The town board of Del Norte violated the Colorado Open Meetings Law by censuring a fellow board member during a closed executive session, the Colorado Court of Appeals ruled, reversing a judge’s decision and invalidating the censure.
Colorado Supreme Court
The state’s highest court should reaffirm that people who sue state and local government entities are still entitled to obtain public records from those entities by using the Colorado Open Records Act, the ACLU of Colorado and the Colorado Freedom of Information Coalition say in a new court filing.
The Colorado Department of Human Services wants the state’s highest court to review a recent appellate court opinion that could force the disclosure of aggregate statistics about child-abuse hotline calls made from licensed residential care facilities.
Several key rulings in 2023 showed why courts matter so much for enforcing and interpreting Colorado’s open government laws.
Because of a 2023 law that protects the privacy of juveniles, the Colorado Judicial Department plans to limit attorneys’ access to criminal court records and clerks may take longer to process document requests from journalists and the public.
BusinessDen and its reporter Justin Wingerter are refusing to comply with a judge’s order to return suppressed court records and permanently delete all electronic copies of them, contending the order violates both the U.S. and Colorado constitutions.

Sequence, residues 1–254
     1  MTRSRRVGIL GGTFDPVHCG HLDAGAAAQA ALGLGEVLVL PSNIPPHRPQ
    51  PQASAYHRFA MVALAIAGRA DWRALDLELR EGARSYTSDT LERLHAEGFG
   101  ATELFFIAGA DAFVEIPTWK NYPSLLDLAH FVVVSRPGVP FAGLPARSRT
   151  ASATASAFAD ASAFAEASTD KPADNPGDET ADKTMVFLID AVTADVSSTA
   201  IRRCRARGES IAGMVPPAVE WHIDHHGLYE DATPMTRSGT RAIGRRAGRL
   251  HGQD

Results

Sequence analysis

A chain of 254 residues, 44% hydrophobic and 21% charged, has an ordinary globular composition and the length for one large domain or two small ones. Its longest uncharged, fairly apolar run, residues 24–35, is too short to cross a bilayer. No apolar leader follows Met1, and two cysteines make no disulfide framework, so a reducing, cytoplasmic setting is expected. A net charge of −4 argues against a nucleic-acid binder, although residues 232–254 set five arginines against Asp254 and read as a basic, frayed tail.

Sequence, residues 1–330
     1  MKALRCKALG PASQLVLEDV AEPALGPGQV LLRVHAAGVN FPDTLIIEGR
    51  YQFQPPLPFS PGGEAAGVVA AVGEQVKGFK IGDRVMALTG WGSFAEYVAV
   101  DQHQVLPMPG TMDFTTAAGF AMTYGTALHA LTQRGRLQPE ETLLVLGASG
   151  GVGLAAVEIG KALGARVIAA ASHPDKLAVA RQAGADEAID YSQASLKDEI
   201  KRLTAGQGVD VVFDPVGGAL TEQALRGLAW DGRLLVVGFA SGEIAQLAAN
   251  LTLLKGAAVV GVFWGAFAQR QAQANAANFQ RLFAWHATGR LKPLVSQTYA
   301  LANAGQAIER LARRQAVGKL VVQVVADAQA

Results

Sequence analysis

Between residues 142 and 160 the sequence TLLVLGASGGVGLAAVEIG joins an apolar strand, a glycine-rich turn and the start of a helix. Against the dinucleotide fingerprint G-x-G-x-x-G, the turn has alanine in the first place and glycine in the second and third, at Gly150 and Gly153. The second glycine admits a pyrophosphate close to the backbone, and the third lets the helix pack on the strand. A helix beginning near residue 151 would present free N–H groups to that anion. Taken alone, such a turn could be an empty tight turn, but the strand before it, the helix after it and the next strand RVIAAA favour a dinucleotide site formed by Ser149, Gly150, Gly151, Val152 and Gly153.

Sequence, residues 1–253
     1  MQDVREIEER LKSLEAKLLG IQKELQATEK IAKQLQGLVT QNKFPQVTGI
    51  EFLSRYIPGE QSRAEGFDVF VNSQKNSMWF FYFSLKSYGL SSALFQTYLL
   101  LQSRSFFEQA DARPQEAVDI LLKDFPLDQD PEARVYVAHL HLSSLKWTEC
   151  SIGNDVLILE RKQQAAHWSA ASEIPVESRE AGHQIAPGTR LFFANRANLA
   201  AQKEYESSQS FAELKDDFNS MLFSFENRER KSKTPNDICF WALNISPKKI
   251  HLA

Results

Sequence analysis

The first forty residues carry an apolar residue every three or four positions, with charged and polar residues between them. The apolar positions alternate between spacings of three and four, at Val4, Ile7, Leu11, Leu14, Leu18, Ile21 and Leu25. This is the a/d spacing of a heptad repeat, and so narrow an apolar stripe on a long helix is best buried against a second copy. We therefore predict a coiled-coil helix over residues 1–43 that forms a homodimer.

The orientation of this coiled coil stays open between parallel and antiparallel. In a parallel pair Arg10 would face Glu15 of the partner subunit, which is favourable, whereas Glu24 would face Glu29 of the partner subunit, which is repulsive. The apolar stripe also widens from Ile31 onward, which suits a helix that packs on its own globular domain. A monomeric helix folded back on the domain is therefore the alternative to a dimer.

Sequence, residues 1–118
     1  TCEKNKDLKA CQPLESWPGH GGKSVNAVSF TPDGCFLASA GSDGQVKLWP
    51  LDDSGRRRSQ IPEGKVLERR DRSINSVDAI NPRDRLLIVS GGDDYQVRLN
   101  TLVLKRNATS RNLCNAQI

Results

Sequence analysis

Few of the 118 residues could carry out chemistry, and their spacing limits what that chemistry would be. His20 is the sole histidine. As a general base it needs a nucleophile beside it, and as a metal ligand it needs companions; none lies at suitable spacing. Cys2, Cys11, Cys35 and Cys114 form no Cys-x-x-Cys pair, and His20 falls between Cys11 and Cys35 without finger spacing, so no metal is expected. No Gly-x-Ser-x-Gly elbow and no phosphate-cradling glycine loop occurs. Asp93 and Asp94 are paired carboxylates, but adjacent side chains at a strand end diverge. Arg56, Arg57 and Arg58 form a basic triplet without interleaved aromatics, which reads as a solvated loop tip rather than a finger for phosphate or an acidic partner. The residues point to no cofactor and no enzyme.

Are people who want books banned or reclassified library “users” whose identities are protected by Colorado law? The Colorado Court of Appeals said yes in an opinion issued last month, but now the editor of the Crested Butte News wants the state Supreme Court to review and reverse that ruling.
A judge ordered Denver to disclose city officials’ text messages about last June’s severe hailstorm at Red Rocks Amphitheater, ruling the communications were improperly withheld from 9NEWS reporter Steve Staeger.
A CORA request seeking information about a June cybersecurity attack at the Colorado Department of Higher Education has led to a court dispute over records withheld under the law’s deliberative process privilege.
The Colorado Supreme Court agreed to review a 2022 appellate court ruling that lets a person involved in litigation with a government entity use the Colorado Open Records Act, rather than complying with the rules of discovery, to obtain documents relevant to the litigation.